Formula 4: On the road to gp | The first step into the limelight

In a year where the Covid-19 pandemic has disrupted the lives of everyone no matter where they are located, turning traveling into an exhausting task or rendering it an impossibility, motorsports and other worldwide sporting events were forced to either cancel or adjust.
One of the most significant adjustments concerning the Macau Grand Prix was the replacement of the iconic Formula 3 (F3) race with a Formula 4 (F4) race.
Not as recognized as the other higher racing categories, such as F3, F2 and F1, the F4 and its representatives will have a golden opportunity to gather some attention during the local GP.
The Fédération Internationale de l’Automobile (FIA) Formula 4, also called the FIA F4, is an open-wheel racing car category intended for junior drivers that are starting out in the world of motorsports.
Unlike the higher racing categories, the F4 does not have a global championship, but has individual country or regional championships organized in compliance with a set of common rules and specifications sanctioned by the FIA.
As an entry level racing category, the F4 was created to cater to very young drivers looking for opportunities to move from racing in karting categories to formula cars. Most of the time, this is impossible due to the great difference in budget and skills needed to proceed to the F3 category.
The F4 category was officially created after the FIA’s World Motor Sport Council approved it in 2013. The first F4 championship organized a year later in Italy.
In its initial years, the F4 championships followed the single-make category format for both chassis and engines before the rules changed to allow different chassis manufacturers and engine suppliers.
Currently, there are three chassis manufacturers (Dome, Mygale, and Tattus) and five engine suppliers (Geely, Volkswagen, Tom’s, Ford, and Abarth) registered with the FIA for this category.
The F4 category authorizes several engine displacements, as long as they are four-cylinder units with their maximum power output capped at 160 brake horsepower (bhp).
Since FIA’s purpose was to keep participation costs as low as possible, the regulations include a lasting range of engines and most mechanical parts of at least 10,000km and a maximum cost of €9,500 (MOP90,000).
The cost of cars competing in this category should not be over €30,000 (MOP284,000) and the cost of a full racing season should not exceed €100,000 (MOP946,000).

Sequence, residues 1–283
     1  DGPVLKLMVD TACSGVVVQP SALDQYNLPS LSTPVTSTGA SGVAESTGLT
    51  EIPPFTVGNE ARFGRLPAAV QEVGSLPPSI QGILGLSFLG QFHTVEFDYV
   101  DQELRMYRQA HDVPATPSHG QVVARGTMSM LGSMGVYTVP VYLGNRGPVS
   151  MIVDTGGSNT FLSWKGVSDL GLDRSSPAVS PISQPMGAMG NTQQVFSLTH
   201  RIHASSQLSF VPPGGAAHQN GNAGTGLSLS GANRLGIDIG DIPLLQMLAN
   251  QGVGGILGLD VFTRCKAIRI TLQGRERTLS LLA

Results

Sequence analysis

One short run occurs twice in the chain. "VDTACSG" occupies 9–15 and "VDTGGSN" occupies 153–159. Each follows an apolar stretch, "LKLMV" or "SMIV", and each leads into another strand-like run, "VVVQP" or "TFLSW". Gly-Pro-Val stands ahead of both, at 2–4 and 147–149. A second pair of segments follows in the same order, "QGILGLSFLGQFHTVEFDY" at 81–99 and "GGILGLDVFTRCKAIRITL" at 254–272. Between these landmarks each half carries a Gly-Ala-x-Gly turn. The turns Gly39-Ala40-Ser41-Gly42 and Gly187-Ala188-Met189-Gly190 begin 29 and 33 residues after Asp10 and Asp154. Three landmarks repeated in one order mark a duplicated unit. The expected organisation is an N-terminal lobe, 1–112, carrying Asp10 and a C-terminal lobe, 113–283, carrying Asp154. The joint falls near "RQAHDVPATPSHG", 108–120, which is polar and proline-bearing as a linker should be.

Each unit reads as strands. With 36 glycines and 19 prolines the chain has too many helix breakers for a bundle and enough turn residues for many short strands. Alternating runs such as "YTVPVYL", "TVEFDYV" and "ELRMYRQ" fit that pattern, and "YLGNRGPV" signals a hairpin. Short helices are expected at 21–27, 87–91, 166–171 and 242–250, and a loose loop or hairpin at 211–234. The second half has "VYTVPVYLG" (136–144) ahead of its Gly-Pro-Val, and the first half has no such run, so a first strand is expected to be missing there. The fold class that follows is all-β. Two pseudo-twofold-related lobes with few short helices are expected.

Since its first championship in 2014, the F4 has gathered a lot of interest in many countries and regions. A total of 17 different championships have been held all over the globe.
Created in in 2015, the cars in the F4 China championship that will race in Macau, use chassis from French constructor Mygale, powered by a Chinese-made 2.0 litre Geely G-Power JLD-4G20 engine.

Macau may be the last run for F4 Gen1 cars
The debut of the F4 in the Macau GP will likely be the last run for first generation (Gen1) cars before they retire.
In March this year, FIA’s World Motor Sport Council (WMSC) discussed and approved the homologation of the second generation (Gen2) F4 cars which, among other technical changes, will include the same driver crash-protection system used in other open-wheel racing series. Known as “halo,” a protection bar is placed above the cockpit to protect the driver’s head.
According to the WMSC’s resolution, the Gen2 cars will be introduced as early as 2021.
The WMSC said in a statement, “All F4 championships are granted a transition period to use the current F4 car until the end of 2023, with the technical and homologation regulations for the first and second-generation F4 car remaining valid in parallel. This completes the introduction of the halo through the entire FIA Single Seater Pyramid.”
The introduction of the safety device was presented for the first time last year during the inaugural event of the FIA Motorsport Games.
At the time, a brand new version of the F4 car was presented to the public by Hong Kong-based racing team KCMG.
This new F4 also featured other significant changes, namely the move from a common petrol engine to a hybrid-drive power unit (similar to the one currently used in F1).
The KCMG car was powered by an Abarth 1.4 L turbocharged engine, capable of delivering 176 bhp. An extra 10% of electric power was added via a Magnetti Marelli hybrid Motor Generated Unit (MGU).
The MGU delivers an additional 12 kW of power by harvesting energy from a superconductor when heavily braking and can be deployed under acceleration.
According to the engineers that created and tested the system, it can deliver on average 3 to 4 km/h of additional speed each time it is used.

Q&A with local F4 driver,
Charles Leong

Categories Macau